Obviously, the first question on the minds of mainstream Freemasons is how did we get grouped together with atheists as a bloc?
From the article EU to hold atheist and freemason summit by Leigh Phillips:
While the EU is a secular body, the three European presidents, of the commission, parliament and EU Council, alongside two commissioners, on Monday met with 24 bishops, chief rabbis, and muftis as well as leaders from the Hindu and Sikh communities. The annual dialogue, which has taken place since 2005, is for the first time this year made legally obligatory under Article 17 of the Lisbon Treaty.
Under pressure from Belgium, the EU has been forced to hold a summit for atheists, scheduled for 15 October.
Under pressure from Belgium, which constitutionally protects and financially supports humanist organisations as well as churches, the EU has been forced to hold a mirror-image summit, but of atheists, scheduled for 15 October.
However, in a move that perplexed and annoyed humanist groups, the EU atheist summit will also welcome under the rubric of ‘non-religious groups', the Freemasons, the secretive fraternal organisation, according to commission spokeswoman Katharina von Schnurbein.
"I find it rather odd," David Pollock, president of the European Humanist Federation, told EUobserver. "Some of the Grand Lodges are secularist organisations, and strongly for separation of church and state, but they also retain all sorts of gobbledygook and myths such as the Great Architect of the Universe."
Emerging in the late 16th century in England and subsequently spread throughout the world, the Freemasons split in 1877 between the English-speaking lodges and their continental counterparts over the question of god. Anglophone Freemasons require that their members believe in a deity, while continental freemasons do not.
"Their public face is that they do charitable work and they do indeed engage in this, but there are also rituals involving blindfolded candidates with their trouser-legs rolled up during initiation," continued Mr Pollock.
"It's boys' games sort of a thing."
Ah, yes. That "trouser leg" business. They just think that's a laugh riot in Europe. Hilarious. They left out "dodgy handshakes."
"Neither religious groups nor non-religious ones have any greater claim to taking up the time of commissioners."
"But sadly we lost that battle, and so with the atheist summit, at least we're being treated equally, although I'd rather if we were there along with the churches. Instead we're being bundled off with the Freemasons."
I can promise Mr. Pollock, we're no happier about it ourselves. The overwhelming majority of the world's Freemasons require a personal belief in God for admission into their lodges. While the Grand Orient de France does not, and is considered the largest grand lodge of Masons in France, they have been shunned by most Masons in the world specifically because they allow atheists to join and require no belief in a Supreme Being. Along with now allowing their lodges to initiate women.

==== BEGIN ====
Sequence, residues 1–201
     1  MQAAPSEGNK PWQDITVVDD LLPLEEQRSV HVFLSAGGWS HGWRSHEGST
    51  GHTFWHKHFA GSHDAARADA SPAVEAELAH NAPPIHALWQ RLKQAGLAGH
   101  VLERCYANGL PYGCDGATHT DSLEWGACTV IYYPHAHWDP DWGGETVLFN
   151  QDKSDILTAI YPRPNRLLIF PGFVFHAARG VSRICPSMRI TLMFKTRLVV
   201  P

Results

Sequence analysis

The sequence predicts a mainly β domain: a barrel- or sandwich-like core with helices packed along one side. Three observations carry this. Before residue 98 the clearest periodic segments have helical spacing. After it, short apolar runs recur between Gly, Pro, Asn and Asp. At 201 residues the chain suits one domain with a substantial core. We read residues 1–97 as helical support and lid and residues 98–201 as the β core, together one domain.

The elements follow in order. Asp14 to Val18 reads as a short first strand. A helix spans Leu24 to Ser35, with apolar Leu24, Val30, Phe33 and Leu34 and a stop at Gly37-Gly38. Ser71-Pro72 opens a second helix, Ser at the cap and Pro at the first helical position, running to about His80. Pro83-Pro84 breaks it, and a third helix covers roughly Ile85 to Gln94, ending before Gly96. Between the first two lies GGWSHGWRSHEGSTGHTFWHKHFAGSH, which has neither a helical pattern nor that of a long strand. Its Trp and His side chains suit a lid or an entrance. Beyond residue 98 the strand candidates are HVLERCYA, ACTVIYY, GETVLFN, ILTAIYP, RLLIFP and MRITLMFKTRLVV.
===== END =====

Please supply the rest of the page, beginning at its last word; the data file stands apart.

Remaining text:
According to the commission's Ms von Schnurbein, Brussels views the Freemasons as a "community of conscience interconnected throughout Europe," and "a form of humanist organisation."
She dismissed concerns that while churches and atheist groups are free for anyone to join, membership in the Freemasons, a private organisation of men, with some separate Grand Lodges for women, is by invitation only and requires initiation fees and an annual subscription.
The EUobserver attempted to speak with the United Grand Lodge of England, the oldest Grand Lodge of masons in the world, regarding this development but without success.
I'm guessing our English brethren will not be rushing out to Heathrow to catch a flight to Brussels in October.
This is undoubtedly a result of the Grand Orient de France and the equally irregular Grand Orient de Belgique (Grand Orient of Belgium) attempts to have greater influence on EU commissioners. (See Grand Orient Freemasonry and the European Union from February 20th, 2010). Mr. Pollock's heartburn over being lumped in with the Masons stems from Grand Orient Freemasons opening a bureau in Brussels "to lobby against the rising influence of religious organisations in the EU institutions." Jean-Michel Quillardet, former Grand Master of the Grand Orient de France, was quoted in February as saying the role of Freemasonry is, in part, to "impose the universalist conception of the Enlightenment."
Grand Orient Freemasonry has a long reputation of getting entangled with governments. Unfortunately, few outsiders make the distinction between Grand Orient Freemasonry, and the rest of the Masonic world that has an entirely different view of its role in the lives of its members.